Rutherford, Mildred (1851–1928)
Rutherford, Mildred (1851–1928)
American educator and Confederate apologist . Name variations: Miss Millie. Born Mildred Lewis Rutherford in Athens, Georgia, on July 16, 1851; died in Athens on August 15, 1928; daughter of Williams R. Rutherford and Laura Battaille Rootes (Cobb) Rutherford (sister of Thomas Reade Rootes Cobb who established the Lucy Cobb Institute for Girls); graduated from the Lucy Cobb Institute for Girls; never married; no children.
Mildred Lewis Rutherford was born in 1851 into a prominent, large and wealthy family in Athens, Georgia, a decade before the Civil War would devastate her home state. Her parents had strong ties to the South; both were from well-known families who had settled in Virginia before the American Revolution, later moving to Georgia. Rutherford inherited her commitment to education from her father and an uncle, who were prominent figures in Georgia's schools. Her father Williams R. Rutherford, a professor of mathematics at the University of Georgia, also ran a boys' school in Athens, while her mother Laura Cobb Rutherford 's brother Thomas established the Lucy Cobb Institute for Girls (named after his daughter) in 1858.
The Southern Confederacy was another Rutherford family passion. During the Civil War, two of Rutherford's uncles served as generals in the Confederate Army. Rutherford worked with her mother and sisters on behalf of the Soldiers' Aid Society, providing food and bandages for Confederate soldiers. These strong ties to family, tradition, and the South shaped her childhood and adulthood. After the Confederacy lost the Civil War, she spent the rest of her life working to promote the values that she believed the Old South embodied.
Rutherford graduated from the Lucy Cobb Institute in 1868, ten years after its founding and three years after the end of the Civil War. She spent several years teaching in public schools in Atlanta before returning to the Institute as principal in 1880. She would remain there for the next 46 years, working to educate young women in the traditions and manners of the antebellum South. Known to her students as "Miss Millie," she wrote the textbooks for her literature classes, including English Authors (1890), American Authors (1984), French Authors (1906), and The South in Literature and History (1907), placing greater emphasis on the morality of writers than on the artistic merit of their work. Rutherford believed that some Southern writers had not received their proper place in the pantheon of American literature and advocated for their greater visibility at the national level (she felt that Joel Chandler Harris, author of the "Uncle Remus" stories, was the neglected equal of Walt Whitman and William Dean Howells). The lack of objective, critical content in her textbooks limited their usefulness to later generations, except in cases where she provided biographical data on more obscure writers.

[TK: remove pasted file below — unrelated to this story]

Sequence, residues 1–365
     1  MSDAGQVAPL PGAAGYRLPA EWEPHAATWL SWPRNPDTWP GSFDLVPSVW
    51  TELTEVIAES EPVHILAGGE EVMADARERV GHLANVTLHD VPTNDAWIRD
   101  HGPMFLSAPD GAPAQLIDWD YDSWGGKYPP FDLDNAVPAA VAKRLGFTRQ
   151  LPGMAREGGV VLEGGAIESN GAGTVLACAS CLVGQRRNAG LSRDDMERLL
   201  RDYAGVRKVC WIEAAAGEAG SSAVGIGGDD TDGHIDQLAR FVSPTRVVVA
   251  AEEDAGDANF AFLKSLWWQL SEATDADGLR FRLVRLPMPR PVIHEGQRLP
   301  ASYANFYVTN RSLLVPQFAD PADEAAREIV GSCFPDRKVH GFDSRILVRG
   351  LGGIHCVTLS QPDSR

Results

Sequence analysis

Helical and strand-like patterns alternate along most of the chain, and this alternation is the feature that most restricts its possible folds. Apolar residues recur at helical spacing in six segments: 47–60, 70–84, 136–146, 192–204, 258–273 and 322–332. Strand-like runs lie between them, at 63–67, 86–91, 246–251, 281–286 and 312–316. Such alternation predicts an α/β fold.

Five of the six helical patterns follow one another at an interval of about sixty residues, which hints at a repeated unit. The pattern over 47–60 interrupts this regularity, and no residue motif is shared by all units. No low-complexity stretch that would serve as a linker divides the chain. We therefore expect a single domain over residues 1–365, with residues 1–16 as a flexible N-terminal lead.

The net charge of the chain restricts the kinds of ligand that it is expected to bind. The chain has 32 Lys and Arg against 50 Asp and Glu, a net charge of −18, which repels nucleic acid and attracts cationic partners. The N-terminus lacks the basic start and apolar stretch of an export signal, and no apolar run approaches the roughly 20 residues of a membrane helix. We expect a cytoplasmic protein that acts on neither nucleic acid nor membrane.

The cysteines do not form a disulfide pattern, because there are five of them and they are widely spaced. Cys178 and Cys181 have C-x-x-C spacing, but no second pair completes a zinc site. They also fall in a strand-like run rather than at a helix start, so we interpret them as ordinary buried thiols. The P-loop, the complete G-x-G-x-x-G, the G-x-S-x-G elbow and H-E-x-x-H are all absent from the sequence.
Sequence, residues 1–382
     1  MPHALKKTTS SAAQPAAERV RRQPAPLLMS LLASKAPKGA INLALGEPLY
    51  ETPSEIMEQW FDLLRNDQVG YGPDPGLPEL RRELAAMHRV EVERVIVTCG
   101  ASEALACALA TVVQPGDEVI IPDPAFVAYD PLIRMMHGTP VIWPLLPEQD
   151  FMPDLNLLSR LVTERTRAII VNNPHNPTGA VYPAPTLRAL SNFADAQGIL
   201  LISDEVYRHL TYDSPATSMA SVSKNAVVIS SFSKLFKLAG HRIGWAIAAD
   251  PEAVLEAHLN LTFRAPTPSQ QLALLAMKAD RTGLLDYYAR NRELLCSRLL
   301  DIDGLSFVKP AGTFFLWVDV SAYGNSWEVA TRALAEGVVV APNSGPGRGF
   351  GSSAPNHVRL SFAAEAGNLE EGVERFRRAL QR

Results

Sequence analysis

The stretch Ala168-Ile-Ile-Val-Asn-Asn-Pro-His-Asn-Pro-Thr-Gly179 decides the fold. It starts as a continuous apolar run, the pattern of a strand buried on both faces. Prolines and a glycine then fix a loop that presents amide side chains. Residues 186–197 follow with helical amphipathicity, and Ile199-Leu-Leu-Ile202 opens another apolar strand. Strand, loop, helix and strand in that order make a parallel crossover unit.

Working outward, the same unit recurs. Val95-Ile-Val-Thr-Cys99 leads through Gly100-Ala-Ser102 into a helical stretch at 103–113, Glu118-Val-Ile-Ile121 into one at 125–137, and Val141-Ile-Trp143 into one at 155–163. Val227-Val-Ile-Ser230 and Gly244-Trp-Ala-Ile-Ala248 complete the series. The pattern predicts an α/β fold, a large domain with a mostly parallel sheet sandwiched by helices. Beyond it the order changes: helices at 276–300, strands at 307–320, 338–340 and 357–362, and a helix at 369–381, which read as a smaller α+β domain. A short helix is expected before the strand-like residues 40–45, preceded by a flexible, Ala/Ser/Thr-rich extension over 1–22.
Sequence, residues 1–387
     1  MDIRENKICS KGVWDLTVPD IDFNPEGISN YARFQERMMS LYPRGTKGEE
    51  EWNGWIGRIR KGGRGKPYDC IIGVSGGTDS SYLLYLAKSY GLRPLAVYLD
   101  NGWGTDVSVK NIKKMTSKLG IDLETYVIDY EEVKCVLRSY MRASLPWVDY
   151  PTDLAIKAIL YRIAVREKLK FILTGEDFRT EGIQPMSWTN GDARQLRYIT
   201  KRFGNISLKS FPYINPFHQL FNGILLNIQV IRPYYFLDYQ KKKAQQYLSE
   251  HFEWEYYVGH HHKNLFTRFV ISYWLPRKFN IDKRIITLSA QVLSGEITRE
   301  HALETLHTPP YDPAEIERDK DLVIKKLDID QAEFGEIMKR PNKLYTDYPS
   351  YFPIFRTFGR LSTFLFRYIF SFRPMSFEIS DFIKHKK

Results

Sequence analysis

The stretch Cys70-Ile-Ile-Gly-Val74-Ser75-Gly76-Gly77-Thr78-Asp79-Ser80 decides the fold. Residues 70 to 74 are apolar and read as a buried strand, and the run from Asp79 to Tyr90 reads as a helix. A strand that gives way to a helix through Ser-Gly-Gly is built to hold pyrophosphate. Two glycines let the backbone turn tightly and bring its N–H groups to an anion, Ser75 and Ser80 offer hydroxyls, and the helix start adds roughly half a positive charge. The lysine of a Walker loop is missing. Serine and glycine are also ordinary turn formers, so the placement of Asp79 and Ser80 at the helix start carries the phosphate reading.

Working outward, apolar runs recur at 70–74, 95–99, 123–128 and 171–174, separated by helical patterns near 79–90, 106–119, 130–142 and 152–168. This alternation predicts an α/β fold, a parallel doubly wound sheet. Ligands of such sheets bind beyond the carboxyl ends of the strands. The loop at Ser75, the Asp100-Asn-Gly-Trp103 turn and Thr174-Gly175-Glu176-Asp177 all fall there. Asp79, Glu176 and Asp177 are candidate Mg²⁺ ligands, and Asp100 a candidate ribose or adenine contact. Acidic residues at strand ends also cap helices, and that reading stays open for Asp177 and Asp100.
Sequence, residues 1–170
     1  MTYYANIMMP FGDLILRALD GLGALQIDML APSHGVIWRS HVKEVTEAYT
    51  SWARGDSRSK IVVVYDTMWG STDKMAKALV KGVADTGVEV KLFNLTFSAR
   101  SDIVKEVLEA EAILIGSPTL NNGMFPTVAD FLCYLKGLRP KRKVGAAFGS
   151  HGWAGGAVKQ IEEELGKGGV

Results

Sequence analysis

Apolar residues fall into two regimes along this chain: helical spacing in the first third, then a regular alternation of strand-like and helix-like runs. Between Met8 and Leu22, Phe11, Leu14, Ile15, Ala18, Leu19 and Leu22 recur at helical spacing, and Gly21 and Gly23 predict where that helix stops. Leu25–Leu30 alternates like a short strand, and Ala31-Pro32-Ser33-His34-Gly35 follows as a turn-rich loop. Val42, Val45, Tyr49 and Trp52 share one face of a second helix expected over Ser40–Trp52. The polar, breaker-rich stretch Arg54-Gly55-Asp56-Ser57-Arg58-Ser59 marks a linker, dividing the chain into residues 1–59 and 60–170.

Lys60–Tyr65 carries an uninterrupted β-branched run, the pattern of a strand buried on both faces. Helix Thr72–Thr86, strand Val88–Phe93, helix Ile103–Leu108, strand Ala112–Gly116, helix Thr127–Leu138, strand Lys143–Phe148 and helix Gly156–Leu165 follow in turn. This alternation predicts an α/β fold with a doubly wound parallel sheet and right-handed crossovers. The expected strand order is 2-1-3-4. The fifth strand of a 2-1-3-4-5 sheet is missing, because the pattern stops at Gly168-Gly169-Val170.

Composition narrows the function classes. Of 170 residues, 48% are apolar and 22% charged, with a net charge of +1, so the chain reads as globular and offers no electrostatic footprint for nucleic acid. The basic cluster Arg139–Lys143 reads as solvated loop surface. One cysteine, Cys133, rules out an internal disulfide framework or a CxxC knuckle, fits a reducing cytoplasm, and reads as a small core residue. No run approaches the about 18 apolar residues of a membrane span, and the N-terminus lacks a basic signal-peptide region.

Rutherford also worked on behalf of Southern and states' rights. She was very active in the Daughters of the Confederacy, serving as historian and honorary president, and helping to establish several new chapters. She was considered particularly effective as a lecturer, sometimes appearing in mid-19th-century costume to add atmosphere to her defense of the South in lecture halls throughout the country. In a series of pamphlets printed in the mid-1920s, she accused Northern historians of distorting the motives of the South during the Civil War, and insisted that the war was precipitated by the North more with the aim of destroying the economic base of the South by ending slavery than with the aim of ending slavery itself. She also took stands against women's suffrage, child labor laws, and national prohibition, arguing that they violated states' rights.
Mildred Rutherford was a member of the Young Women's Christian Association, serving for some 15 years on its national board; she also took charge of the Athens City Mission Board, and became head of an industrial home for girls which her sister Bessie had founded. However, her fight on behalf of the vanished South in which she had grown up was her life's work. She was ill with Bright's disease and arteriosclerosis in her later years, before contracting hypostatic pneumonia and dying on August 15, 1928, in Athens. Three years after her death, the Lucy Cobb Institute closed its doors as well.
James, Edward T., ed. Notable American Women, 1607–1950. Cambridge, MA: The Belknap Press of Harvard University, 1971.
Andrea Bewick , freelance writer, Santa Rosa, California